Daniel Evans is the Artistic Director of Sheffield Theatres, comprising the Crucible, the Crucible Studio and the Lyceum, all of which good-naturedly share a piazza in Sheffield’s newly-regenerated city centre. With three theatres to take care of, it’s little wonder that when I phone him he hasn’t had a chance to eat today and asks me if I mind him eating some soup while he talks to me. Although I say of course I don’t mind, I doubt that he manages as much as a mouthful with so much to tell me about the theatres.
When I ask him what his vision was for the theatres when he took the post in 2009, it becomes clear that the city of Sheffield is at the centre of his conception of their role. “I wanted to imbue the people who live and work in the region with a feeling that the theatres were theirs, and to somehow create in people a deep emotional investment in their theatres. We do that by bringing the very best to Sheffield, the best actors, directors, designers, etc., and also by touring our shows, taking Sheffield’s name elsewhere.” Evans also established the Sheffield People’s Theatre, a company made up of local residents of all ages who want to perform. “When we’ve done productions before, the youngest has been 12 and the oldest was 84; some of them were amateur actors, some had never acted before. What’s important was that they all come from this place.” Evans will be directing them in The Sheffield Mysteries next year, written by Chris Bush. “York and Wakefield have their own Mystery traditions but Sheffield doesn’t have one, so we’re very excited to be working on it now.”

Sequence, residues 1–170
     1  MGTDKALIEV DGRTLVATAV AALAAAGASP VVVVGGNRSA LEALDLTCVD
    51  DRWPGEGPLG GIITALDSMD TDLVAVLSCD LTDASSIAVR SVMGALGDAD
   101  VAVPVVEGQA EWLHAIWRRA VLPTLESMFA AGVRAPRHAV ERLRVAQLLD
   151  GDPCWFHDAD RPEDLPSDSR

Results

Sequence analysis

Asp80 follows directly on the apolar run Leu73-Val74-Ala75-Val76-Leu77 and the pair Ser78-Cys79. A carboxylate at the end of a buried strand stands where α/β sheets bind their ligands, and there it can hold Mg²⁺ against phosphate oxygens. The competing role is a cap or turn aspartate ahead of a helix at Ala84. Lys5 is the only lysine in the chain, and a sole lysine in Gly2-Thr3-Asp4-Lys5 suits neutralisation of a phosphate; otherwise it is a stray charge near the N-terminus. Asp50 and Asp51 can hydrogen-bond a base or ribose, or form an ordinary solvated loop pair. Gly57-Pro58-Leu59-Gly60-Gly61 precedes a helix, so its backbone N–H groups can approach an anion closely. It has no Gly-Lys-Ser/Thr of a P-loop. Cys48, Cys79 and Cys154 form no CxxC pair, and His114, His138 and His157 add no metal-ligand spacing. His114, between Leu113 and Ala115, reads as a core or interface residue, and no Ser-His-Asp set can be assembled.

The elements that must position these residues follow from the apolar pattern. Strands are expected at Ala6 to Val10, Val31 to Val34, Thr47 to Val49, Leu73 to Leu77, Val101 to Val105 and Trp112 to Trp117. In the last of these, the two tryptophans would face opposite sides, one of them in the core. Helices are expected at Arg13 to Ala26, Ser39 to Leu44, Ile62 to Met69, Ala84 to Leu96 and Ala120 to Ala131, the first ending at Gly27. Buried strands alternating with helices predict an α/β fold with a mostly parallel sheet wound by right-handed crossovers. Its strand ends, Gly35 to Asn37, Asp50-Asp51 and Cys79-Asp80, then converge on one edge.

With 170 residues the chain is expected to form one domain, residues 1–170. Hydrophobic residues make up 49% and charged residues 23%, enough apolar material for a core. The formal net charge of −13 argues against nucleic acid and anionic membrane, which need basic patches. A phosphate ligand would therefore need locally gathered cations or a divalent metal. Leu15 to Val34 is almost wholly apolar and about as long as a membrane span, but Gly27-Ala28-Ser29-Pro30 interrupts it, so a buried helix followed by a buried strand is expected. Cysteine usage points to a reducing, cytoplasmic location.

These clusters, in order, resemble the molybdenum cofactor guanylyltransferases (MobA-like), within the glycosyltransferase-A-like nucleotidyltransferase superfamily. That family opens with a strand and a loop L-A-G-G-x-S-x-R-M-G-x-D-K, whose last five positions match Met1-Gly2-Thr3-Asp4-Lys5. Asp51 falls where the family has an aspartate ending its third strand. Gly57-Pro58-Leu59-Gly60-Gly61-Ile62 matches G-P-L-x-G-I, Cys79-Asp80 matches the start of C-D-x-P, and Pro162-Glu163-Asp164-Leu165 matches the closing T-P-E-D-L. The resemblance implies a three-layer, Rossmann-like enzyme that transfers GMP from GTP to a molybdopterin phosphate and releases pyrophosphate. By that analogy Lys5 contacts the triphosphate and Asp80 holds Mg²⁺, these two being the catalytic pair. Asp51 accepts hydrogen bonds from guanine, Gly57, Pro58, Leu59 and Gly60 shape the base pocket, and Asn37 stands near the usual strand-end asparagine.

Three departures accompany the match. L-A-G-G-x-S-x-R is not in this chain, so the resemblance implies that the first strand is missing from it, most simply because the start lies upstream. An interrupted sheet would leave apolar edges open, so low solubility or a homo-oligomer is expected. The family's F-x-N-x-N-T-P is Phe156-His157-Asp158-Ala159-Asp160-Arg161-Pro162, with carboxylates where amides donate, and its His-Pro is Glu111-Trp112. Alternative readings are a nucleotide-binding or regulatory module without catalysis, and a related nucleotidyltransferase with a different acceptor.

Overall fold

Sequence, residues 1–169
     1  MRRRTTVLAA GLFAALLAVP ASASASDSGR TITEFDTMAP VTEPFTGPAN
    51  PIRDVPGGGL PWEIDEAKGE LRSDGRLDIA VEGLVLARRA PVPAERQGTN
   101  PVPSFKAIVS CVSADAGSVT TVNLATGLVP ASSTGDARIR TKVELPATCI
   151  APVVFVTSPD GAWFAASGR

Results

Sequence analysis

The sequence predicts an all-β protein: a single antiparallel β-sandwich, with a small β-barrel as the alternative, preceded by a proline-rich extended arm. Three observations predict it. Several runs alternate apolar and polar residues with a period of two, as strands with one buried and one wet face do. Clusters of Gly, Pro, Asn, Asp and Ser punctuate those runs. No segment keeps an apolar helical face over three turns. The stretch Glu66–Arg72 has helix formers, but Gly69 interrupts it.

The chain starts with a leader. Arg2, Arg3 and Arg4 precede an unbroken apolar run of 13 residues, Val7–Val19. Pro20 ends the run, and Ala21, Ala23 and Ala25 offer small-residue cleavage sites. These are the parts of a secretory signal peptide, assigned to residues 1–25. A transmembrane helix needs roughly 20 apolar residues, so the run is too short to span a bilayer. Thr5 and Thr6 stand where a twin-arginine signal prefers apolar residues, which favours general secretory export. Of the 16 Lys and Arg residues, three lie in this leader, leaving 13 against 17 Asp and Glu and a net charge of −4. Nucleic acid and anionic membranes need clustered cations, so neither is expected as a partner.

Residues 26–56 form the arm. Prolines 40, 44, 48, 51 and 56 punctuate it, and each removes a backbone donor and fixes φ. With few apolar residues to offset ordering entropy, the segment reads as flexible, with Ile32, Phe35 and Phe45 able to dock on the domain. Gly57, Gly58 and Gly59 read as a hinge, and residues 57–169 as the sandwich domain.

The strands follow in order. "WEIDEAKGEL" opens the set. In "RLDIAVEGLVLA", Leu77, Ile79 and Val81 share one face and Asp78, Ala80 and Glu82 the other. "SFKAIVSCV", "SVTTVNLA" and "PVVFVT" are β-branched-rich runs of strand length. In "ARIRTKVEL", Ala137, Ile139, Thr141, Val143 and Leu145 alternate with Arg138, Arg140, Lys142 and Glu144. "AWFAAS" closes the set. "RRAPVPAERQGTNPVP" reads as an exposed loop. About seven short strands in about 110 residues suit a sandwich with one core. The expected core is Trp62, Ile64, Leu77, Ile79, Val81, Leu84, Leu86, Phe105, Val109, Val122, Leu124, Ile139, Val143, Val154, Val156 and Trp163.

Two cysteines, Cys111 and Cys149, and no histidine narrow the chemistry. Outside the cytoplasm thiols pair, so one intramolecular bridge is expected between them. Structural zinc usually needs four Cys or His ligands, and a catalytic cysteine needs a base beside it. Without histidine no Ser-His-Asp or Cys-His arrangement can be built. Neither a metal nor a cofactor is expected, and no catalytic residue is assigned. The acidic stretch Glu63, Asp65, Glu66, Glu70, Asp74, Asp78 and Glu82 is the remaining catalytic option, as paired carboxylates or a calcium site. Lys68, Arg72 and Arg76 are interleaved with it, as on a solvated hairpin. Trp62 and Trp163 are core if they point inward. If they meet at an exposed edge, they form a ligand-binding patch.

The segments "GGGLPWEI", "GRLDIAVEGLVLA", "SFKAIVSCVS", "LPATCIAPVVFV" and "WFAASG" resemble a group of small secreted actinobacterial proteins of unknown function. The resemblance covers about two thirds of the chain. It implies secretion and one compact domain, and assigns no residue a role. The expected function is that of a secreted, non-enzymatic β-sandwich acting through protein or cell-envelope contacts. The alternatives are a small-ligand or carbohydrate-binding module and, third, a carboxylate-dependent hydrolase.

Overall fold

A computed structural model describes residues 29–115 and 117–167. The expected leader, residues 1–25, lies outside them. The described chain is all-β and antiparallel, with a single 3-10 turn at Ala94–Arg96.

When asked about his personal relationship with Sheffield, he answers, “I love it, actually. I always loved it when I worked here as an actor and had some fantastic digs up in Sharrow Vale. People are very honest and generous and they’ll stop you in the street or in M&S to tell you what they think of the shows. You really feel that theatre matters here.” Testament to this is the recent transformation that the Crucible and the city centre itself has undergone. “When I worked here in 2003 the centre of town was like a ghost town, it was really quite bleak. But a really enlightened council have spent a lot of money on regenerating the city centre and the theatre has played an important part of that.” The Crucible was refurbished in 2007 with £15m from the Arts Council and local councils, and Evans hopes to be able to do the same with the Lyceum next year.
The Lyceum itself is a nineteenth-century proscenium arch theatre which houses opera, ballet, musicals, family shows and a yearly panto: “It’s a real peach of a theatre, very ornate and really beautifully preserved.” The Crucible, a few steps away, has a main auditorium with a thrust stage, seating 920, giving the theatre, as Evans points out, as many seats to fill each night as the National Theatre. Its studio is a blank-canvas black box space that can hold up to 400, and is where the theatre stages “mostly new, sometimes risky work”. I ask if he thinks modern theatre is gradually moving away from chocolate-box or proscenium-arch-friendly work: “I don’t think their day is past, I think theatre is robust enough as a form to take a variety of things. There’s something wonderful about everyone facing the same way, seeing the same picture, and that lends itself to certain plays in marvellous ways. Certainly for us, the Lyceum is like a jewel in the city’s crown, we’re seeing amazing sales on shows that don’t open for another year and a half. I think there’s room for it all and we don’t need to think in a binary way about it.”